Brownian Motion in Wikipedia

Brownian Motion is an example of a

**Random Walk**. A Random Walk simulation is extremely useful when trying to model particles that are going to move in a random direction and velocity at each time-step. We can use it to model particles in fluid. This is also extremely useful in understanding biological processes. It is also useful in modeling stock markets.

Suppose that we have a drunken person in the middle of a field, and each second he can take one step in any cardinal direction (NSEW). After a thousand seconds, where would he be?

To model this, we're going to divide this field into x and y axes. Let's assume that the person starts of at (0,0), which is the origin.

This is the probability table mapping steps, distance and probability:

At the first step:

There is a probability of 1 that he can be 1 step away.

He would be about 1 step away.

At the second step:

There is a probability of 1/4 that he can be back at 0,

a probability of 2/4 that he can be sqrt(2) steps away,

and a probability of 1/4 that he can be 2 steps away.

He would be about sqrt(2)/2+0.5=1.2 steps away

At the third step:

There is a probability of 9/16 to be 1 step away,

3/8 to be sqrt(5) steps away,1/16 probability to be 3 steps away,

He would be about 9/16+3/16+(3sqrt(5)/8)=1.5 steps away.

As the number of steps increase, it becomes extremely difficult to calculate where he will end up at.

From here, it seems like the more steps the person takes, the further away he will be.

To simulate this, we need to model a person, a field, and a location to help with calculations.

The field object can be a collection of drunks and their location.

This is how the entire code looks like:

`import math`

import random

import copy

class Location(object):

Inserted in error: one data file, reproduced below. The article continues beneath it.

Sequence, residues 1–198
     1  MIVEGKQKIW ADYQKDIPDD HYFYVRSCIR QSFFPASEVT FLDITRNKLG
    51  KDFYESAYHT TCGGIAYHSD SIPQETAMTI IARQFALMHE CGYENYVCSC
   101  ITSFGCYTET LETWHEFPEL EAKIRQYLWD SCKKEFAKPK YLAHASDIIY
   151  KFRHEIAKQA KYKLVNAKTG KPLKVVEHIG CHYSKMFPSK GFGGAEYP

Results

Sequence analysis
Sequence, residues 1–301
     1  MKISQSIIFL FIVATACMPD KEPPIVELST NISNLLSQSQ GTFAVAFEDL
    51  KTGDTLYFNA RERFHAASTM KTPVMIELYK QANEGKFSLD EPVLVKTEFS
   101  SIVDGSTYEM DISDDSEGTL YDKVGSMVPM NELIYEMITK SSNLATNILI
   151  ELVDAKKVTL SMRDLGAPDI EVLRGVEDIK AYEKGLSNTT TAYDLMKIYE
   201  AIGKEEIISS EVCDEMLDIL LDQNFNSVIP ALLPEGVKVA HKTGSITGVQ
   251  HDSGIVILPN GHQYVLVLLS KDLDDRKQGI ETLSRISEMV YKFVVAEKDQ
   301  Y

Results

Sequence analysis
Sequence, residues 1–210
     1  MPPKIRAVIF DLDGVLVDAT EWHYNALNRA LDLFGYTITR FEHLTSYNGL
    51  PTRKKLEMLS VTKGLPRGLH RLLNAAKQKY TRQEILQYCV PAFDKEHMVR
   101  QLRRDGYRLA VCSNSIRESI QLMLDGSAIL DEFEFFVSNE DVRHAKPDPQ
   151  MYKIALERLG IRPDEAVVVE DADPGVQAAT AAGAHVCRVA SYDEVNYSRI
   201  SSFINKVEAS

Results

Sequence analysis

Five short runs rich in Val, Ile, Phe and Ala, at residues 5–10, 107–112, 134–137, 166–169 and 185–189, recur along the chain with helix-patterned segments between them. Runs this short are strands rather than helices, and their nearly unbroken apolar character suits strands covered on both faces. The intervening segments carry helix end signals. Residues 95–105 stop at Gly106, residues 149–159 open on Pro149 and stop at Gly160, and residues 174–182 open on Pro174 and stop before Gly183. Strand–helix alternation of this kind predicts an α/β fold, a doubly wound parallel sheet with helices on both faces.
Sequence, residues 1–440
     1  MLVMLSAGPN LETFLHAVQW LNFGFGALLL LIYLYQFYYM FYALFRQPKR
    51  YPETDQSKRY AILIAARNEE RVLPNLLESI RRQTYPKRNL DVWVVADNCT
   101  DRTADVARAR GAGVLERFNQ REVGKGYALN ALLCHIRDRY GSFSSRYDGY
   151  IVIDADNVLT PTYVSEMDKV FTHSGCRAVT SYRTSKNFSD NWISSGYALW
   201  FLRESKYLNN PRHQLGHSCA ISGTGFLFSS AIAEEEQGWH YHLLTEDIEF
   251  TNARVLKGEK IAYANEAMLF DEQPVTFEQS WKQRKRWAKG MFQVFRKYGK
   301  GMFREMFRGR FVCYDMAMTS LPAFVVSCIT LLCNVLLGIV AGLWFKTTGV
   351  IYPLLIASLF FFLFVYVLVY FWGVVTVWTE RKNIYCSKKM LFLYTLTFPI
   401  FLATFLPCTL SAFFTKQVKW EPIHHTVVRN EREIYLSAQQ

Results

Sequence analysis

def __init__(self,x,y):

self.x=float(x)

self.y=float(y)

def set_location(self,xy):

self.x=float(xy[0])

self.y=float(xy[1])

def move(self,xy):

self.x+=float(xy[0])

self.y+=float(xy[1])

def get_location(self):

return (self.x,self.y)

def distance_from(self,other):

return math.sqrt((other.x-self.x)**2+(other.y-self.y)**2)

def __str__(self):

return str((self.x,self.y))

class Field(object):

def __init__(self):

self.field={}

def add_person(self,person,location):

if person not in self.field.keys():

self.field[person]=copy.deepcopy(location)

def rem_person(self,person):

if person in self.field.keys():

self.field.pop(person)

def move_person(self,person):

if person in self.field.keys():

self.field[person].move(person.step())

def where_is(self,person):

if person in self.field.keys():

return self.field[person]

class Person(object):

def __init__(self,name):

self.name=name

def step(self):

return random.choice(((0,1),(1,0),(0,-1),(-1,0)))

def __str__(self):

return self.name

We can then implement a test like this:

`origin=Location(0,0)`

kelvin=Person("Kelvin")

field=Field()

field.add_person(kelvin,origin)

tries=1000

steps=1000

average_distance=0.0

maximum_distance=0.0

minimum_distance=float(steps)

for i in range(tries):

for j in range(steps):

field.move_person(kelvin)

distance_moved=origin.distance_from(field.where_is(kelvin))